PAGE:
There were tears and laughter as the Meltham community came together to remember one of its fallen heroes.

One year after the tragic death of Private Tom Wroe, family, friends, the Mayor of Kirklees Clr Martyn Bolt, town and parish councillors, MP Jason McCartney and the wider community came together to remember the 18-year-old soldier.

A military parade from the Carlile Institute was followed by a memorial service at St Bartholomew’s Church.

 

Private Wroe and his comrade, Sergeant Gareth Thursby, 29, were gunned down by a rogue Afghan policeman on September 15 last year.

The inquest at Oxford Coroner’s Court earlier this month heard that both men died of multiple gunshot wounds after a member of the Afghan Local Police opened fire on them at a checkpoint in Helmand Province.

 

There was standing room only as family and friends spoke of good times with Pte Wroe, who was well known for ‘kicking his shoes off at the door and making himself at home” – wherever he was.

His sister Demi, herself a young cadet, summed up her big brother saying: “Once a hero, always a hero”.

Mum Claire Wroe said she had “18 years of memories” of her beloved son.

And dad Mick Wroe said they “couldn’t ask for a better son or brother for Demi.”

And every time the bells of St Bartholomew’s Church chime people can think of the fallen soldier – for a donation was made to the church from fundraisers in Pte Wroe’s memory. It will go towards the clock tower.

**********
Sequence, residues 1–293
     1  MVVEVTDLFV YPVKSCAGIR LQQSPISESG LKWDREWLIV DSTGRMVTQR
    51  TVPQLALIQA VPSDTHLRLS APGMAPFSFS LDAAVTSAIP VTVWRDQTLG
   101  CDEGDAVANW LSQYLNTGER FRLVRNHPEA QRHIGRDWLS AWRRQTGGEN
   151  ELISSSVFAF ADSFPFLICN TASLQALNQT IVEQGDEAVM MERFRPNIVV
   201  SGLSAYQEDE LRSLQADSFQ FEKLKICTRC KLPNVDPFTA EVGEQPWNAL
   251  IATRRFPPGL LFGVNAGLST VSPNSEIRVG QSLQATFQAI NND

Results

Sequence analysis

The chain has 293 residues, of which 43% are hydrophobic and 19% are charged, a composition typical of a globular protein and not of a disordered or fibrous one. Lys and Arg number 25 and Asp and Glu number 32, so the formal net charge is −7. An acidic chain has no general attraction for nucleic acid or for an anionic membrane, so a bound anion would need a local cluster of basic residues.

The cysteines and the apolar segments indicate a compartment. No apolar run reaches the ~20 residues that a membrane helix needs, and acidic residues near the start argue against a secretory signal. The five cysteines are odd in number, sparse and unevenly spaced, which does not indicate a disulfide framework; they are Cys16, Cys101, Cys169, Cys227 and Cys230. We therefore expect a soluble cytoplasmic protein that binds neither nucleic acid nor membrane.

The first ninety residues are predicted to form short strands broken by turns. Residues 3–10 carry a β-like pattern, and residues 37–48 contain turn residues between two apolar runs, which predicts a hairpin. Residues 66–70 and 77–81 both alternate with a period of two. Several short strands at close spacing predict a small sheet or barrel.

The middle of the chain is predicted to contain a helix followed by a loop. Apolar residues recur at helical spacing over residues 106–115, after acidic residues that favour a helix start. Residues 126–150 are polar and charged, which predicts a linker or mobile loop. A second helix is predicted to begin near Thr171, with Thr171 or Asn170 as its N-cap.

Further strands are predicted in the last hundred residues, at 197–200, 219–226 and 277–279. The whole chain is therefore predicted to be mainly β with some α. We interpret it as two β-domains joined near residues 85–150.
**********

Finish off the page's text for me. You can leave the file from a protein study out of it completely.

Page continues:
Mrs Wroe told the congregation: “I have 18 years of memories to think about and how special they are now.

“Today, I wear your medals with pride. I know how much you wanted your medals and now I wear them for you, my son.”

She gave thanks to others too, saying: “A massive thank you for the Meltham community for the outstanding warmth you have shown our Tom and the support you have given us.”

She spoke of the family’s ongoing pride in Pte Wroe’s achievements.

Demi, who hopes to become a medic, described hearing the tragic news of her brother’s death. And despite the sorrow, she brought laughs among the congregation as she remembered fun times with her big brother.

“Sleep tight Tom. We’ll meet again later, bro,” she said.

Dad Mick, who served in the army for 22 years, gave the family’s thanks to the soldiers of 1 Yorks, the Yorkshire Regiment, who were with Pte Wroe on the day he died and “all you did for him.”

The service, led by the Rev Maureen Read, included a bible reading by Clr Terry Lyons in his role as Mayor of Meltham.

School friends of Pte Wroe spoke of their memories, which included sliding down the aisles of Morrisons on trolleys, football pitch fun and school days cheekiness.

The service ended outside and, as the rain fell and the wind blew, the community rallied around to watch a memorial plaque unveiled by Demi.

Tom's sister Demi unveils the plaque
Tom's sister Demi unveils the plaque
 

She stepped forward confidently and with pride to unveil the plaque as the Last Post played.

A minute’s silence was followed by the National Anthem and the welcome of pie and peas at the town’s Liberal Club.

The final inscription on the order of service summed up the day: “Private Tom Wroe, may you rest in peace and rise in glory.”